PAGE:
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Speaking With Emotion Leaves Distinct Signature In The Brain Of The Listener

If somebody was reading this sentence aloud, your brain would be able to interpret whether I was speaking in anger, joy, relief, or sadness. That's because emotions in speech leave distinct "signatures" in the brain of the listener.

Now, for the first time, brain scans have now characterised those patterns. The finding could help determine where in the brain deficits in emotion processing occur in people with psychiatric disorders such as schizophrenia.

Thomas Ethofer at the University Medical Center of Geneva, Switzerland, and colleagues identified spatial signatures of emotion in the primary auditory cortex (PAC) – an area of the temporal lobes at the side of the brain, which is responsible for the sensation of sound.

This area is known to react more strongly to emotional vocalisations than to neutral speech, but because this increase in activity is similar for all emotions, scientists had been previously unable to separate one mood from another by using scans.
Emotional gobbledygook

To solve this problem, Ethofer scanned the brains of 22 subjects using functional magnetic resonance imaging (fMRI) while they listened to emotional speech, and combined this with a technique called multivariate pattern analysis (MVPA) – used to identify patterns in brain activation.

Each subject listened to the pseudo-sentence "ne kalibam sout molem", spoken by 10 actors and pronounced in five different ways – with anger, sadness, neutrality, relief and joy.

While previous methods analysed increased brain activity at individual locations, Ethofer looked at overall patterns of activity. "Consider the following analogy," he says. "If you have a puzzle consisting of black and white pieces, it is hard to say whether they belong to a picture of a zebra or a checkerboard if you look at each piece in isolation, but it becomes relatively easy if you put the pieces together."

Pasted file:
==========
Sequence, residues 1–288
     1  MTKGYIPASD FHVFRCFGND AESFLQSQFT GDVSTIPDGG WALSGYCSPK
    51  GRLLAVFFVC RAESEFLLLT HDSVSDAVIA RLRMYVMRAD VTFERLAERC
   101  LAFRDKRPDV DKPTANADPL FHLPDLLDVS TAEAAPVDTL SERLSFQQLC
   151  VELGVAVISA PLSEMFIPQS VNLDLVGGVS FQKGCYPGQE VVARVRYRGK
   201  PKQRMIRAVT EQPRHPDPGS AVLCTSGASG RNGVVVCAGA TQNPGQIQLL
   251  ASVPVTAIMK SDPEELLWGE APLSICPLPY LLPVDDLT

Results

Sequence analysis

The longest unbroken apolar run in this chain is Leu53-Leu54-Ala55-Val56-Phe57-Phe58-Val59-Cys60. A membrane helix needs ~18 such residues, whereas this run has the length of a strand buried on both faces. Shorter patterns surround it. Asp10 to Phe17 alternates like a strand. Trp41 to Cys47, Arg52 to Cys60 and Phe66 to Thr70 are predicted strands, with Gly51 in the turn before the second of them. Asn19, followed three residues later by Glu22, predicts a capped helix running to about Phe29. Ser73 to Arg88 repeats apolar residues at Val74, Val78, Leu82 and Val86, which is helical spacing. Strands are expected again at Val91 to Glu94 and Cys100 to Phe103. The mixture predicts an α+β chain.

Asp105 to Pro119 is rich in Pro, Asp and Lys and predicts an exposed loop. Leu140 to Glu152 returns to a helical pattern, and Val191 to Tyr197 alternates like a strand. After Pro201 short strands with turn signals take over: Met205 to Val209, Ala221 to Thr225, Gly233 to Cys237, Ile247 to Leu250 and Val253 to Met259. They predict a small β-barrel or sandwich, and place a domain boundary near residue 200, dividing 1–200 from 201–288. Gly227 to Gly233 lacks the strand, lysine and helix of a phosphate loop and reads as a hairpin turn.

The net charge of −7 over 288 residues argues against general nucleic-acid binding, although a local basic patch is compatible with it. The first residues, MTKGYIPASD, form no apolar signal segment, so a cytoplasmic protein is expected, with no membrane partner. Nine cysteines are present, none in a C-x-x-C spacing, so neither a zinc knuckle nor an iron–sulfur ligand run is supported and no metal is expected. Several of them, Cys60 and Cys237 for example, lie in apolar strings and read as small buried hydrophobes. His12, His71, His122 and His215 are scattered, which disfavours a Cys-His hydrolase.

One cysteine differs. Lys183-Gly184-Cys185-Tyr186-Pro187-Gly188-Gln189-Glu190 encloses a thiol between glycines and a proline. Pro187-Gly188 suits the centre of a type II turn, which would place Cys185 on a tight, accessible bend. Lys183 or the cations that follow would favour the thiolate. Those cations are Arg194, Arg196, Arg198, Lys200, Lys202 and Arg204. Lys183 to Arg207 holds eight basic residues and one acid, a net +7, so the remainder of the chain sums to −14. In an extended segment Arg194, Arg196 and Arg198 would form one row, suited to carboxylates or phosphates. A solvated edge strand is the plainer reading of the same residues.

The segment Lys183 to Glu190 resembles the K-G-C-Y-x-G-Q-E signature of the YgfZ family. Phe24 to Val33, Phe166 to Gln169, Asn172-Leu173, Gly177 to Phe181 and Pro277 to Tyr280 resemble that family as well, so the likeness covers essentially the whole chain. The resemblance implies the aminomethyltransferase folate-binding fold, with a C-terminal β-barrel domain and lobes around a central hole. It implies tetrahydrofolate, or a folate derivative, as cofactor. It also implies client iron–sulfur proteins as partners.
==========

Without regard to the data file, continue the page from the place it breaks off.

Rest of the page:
Vital skill

Using MVPA, the team was able to match distinct patterns of brain activity as different emotions were heard, and identify which emotion was being heard from the other alternatives.

"Particularly novel is the discovery of a specialised role of auditory cortex in the processing of distinct emotions – a nice indication that the auditory cortex is not just sensory," says Nina Kraus, a neuroscientist at Northwestern University in Evanston, Illinois.

Understanding the emotion of others is vital to our social skills. These findings might help researchers unravel where our emotional response goes wrong in various psychiatric disorders such as depression and schizophrenia, as well as autism, say the authors.

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